So I went into this blind, pretty much expecting a horror movie rehash of the Frankenstein legend. Nope. Telling the story from the perspective of Igor is a genius move. Beginning with Igor as an outcast working in the circus, and yet showing him with near genius levels of intelligence. After an accident in the big top, Victor enters, immediately recognizes his abilities - and his usefulness - and springs him from his servitude to work with him, assuming the identity - Igor - and even fixing his back up.

Listed on IMDB as a drama, horror, sci fi, the clear omission is comedy, with some laugh out loud moments.

With the POV change, the story has new light. Frankenstein is master manipulator, a genius, sure, but without his friends, nothing. But Igor is the true star. He is portrayed as a sensitive, kind, genius. His motives are pure, which leads him to be somewhat gullible, especially towards his perceived savior, Frankenstein.

The marketing would have you believe that James McAvoy (Frankenstein) be the star, but quite the opposite, the true star here is Daniel Radcliffe (Igor). He had begun the arduous task of shedding Harry Potter long ago, but not until Horns did it start to show. This is a revelation. He's beginning to look like a seasoned professional now, and stands strong on screen next McAvoy (a powerhouse performer) and the likes of Charles Dance and Andrew Scott (Sherlock).

Don't expect to see anything more than a cameo from Frankenstein's Monster - in this cased named Prometheus - as it doesn't appear until the final act, and then, only briefly.

The film is both warm and tender, as well as action packed. It has horror, but isn't scary, and can be likened in style and substance to Guy Richies Sherlock Homes films.

Victor Frankenstein is a strong character piece, worthy of anyone's time.

Gloriously gothic.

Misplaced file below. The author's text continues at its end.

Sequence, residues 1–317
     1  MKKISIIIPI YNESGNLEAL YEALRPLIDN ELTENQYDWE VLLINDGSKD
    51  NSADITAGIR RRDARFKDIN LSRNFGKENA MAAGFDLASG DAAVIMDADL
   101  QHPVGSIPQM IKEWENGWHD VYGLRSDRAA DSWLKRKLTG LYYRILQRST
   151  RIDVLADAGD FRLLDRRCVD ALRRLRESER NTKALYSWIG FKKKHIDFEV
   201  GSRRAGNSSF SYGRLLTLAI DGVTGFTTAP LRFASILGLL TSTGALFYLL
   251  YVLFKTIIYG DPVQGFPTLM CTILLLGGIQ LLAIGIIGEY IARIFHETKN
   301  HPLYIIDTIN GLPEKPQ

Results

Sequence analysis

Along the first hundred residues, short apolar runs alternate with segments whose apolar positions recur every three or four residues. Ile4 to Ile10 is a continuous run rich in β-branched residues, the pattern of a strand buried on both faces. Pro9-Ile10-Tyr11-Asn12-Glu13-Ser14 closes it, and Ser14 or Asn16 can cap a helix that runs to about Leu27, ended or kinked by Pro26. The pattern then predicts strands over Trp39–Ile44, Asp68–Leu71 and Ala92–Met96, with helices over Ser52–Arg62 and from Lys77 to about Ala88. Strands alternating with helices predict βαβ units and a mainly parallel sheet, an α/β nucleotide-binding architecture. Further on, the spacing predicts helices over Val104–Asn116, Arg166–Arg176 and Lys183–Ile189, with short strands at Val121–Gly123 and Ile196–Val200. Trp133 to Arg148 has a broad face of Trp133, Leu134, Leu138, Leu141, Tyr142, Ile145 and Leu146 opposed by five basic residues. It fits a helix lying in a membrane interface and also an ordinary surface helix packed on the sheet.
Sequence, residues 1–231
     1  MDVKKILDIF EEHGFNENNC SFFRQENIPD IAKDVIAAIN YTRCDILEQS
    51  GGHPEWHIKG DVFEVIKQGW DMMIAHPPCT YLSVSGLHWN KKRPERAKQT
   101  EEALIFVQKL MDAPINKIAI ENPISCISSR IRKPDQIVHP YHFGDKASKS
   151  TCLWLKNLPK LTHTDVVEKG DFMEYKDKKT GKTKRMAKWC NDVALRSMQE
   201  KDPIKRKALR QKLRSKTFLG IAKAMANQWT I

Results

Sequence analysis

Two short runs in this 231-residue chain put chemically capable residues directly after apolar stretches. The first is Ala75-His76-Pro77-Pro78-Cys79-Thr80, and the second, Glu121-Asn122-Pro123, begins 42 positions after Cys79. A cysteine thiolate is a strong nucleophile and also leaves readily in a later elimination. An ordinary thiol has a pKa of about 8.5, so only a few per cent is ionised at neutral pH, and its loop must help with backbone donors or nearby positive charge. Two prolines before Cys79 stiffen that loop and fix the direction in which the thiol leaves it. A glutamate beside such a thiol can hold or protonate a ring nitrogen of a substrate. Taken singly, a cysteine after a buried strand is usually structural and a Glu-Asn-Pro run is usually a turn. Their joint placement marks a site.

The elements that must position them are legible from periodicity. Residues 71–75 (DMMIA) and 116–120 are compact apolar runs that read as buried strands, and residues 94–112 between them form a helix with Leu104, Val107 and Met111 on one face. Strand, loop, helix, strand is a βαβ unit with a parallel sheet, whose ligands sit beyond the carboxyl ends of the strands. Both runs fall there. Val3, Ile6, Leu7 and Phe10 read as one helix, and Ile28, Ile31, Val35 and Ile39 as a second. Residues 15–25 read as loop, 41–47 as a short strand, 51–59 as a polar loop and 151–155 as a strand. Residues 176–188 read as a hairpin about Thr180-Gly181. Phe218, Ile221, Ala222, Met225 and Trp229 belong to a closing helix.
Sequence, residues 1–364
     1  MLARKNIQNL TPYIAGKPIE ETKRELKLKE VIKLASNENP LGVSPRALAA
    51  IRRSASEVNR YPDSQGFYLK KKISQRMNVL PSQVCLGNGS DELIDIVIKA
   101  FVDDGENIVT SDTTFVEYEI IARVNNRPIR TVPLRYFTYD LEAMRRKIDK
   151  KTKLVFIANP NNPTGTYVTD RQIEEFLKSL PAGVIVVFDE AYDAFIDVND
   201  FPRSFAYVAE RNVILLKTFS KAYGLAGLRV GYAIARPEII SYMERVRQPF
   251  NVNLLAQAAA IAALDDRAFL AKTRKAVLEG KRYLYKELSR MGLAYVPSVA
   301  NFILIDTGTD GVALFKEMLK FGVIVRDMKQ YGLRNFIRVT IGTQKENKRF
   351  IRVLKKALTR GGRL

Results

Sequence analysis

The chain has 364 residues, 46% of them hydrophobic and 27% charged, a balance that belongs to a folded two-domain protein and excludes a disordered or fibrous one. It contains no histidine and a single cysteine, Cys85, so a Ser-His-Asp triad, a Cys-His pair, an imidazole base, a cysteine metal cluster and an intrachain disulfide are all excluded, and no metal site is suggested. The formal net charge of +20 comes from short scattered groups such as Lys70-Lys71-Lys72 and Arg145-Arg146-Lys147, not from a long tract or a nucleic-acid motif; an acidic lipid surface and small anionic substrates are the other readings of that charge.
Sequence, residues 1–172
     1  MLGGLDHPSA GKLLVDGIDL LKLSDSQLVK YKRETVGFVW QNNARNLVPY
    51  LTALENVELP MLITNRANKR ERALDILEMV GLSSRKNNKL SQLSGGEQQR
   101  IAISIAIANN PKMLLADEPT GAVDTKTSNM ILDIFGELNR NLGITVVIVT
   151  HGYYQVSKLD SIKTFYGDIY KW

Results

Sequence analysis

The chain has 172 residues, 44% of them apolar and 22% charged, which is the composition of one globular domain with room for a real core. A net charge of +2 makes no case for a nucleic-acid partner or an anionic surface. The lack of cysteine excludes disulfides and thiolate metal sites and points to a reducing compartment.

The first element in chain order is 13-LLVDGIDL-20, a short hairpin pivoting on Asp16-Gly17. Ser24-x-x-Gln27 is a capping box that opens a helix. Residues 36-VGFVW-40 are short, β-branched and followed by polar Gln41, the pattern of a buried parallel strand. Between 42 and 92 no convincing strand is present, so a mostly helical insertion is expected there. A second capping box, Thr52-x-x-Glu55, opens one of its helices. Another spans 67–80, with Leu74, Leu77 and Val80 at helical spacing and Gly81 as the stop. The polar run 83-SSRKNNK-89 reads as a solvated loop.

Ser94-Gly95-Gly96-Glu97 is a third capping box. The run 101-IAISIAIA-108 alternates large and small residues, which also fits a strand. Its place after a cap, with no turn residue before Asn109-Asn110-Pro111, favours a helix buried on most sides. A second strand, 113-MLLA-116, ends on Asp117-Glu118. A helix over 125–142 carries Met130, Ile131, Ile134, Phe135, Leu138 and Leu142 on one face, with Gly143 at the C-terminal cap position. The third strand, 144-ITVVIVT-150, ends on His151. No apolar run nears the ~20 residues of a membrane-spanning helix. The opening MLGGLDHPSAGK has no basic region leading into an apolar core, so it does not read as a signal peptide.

Wednesday, 16 May 2018

For the Love of Shorts: Your Date is Here (2017)

Co-written by Todd Spence and Zak White, this is a slow burn, but with a pay off. On the screen we have Becca Flinn and Dani Tiernan, both doing a great job. 

Six minutes? You wait longer in line for a latte. Do it. 

Friday, 11 May 2018

Green Room (2015)


A band straying into a secluded part of the Pacific Northwest stumbles onto a horrific act of violence. Because they are the only witnesses, they become the targets of a terrifying gang of skinheads who want to make sure all the evidence is eliminated.


If I were locked in a room with a murderous Captain Picard on the other side of it, I'd be scared too. Even if I were Chekov.

I won't spoil anything here, but really there is little to spoil. The synopsis pretty much covers the events of the film. A band are set to gig in a remote location, and upon arrival find they are to play to a group of neo-nazis. They witness a death - presumably a murder - and become, shall we say, expendable.

On paper, this has none of the hallmarks of what it becomes. Sir Patrick Stewart (Robin Hood: Men in Tights)? Imogen Poots (Need for Speed)? Mark Webber (Scott Pilgrim)? Anton Yelchin (Terminator Salvation)? This reads like a fantasy-football cast for a family movie. Yet is one of the most brutal horror movies you'll see.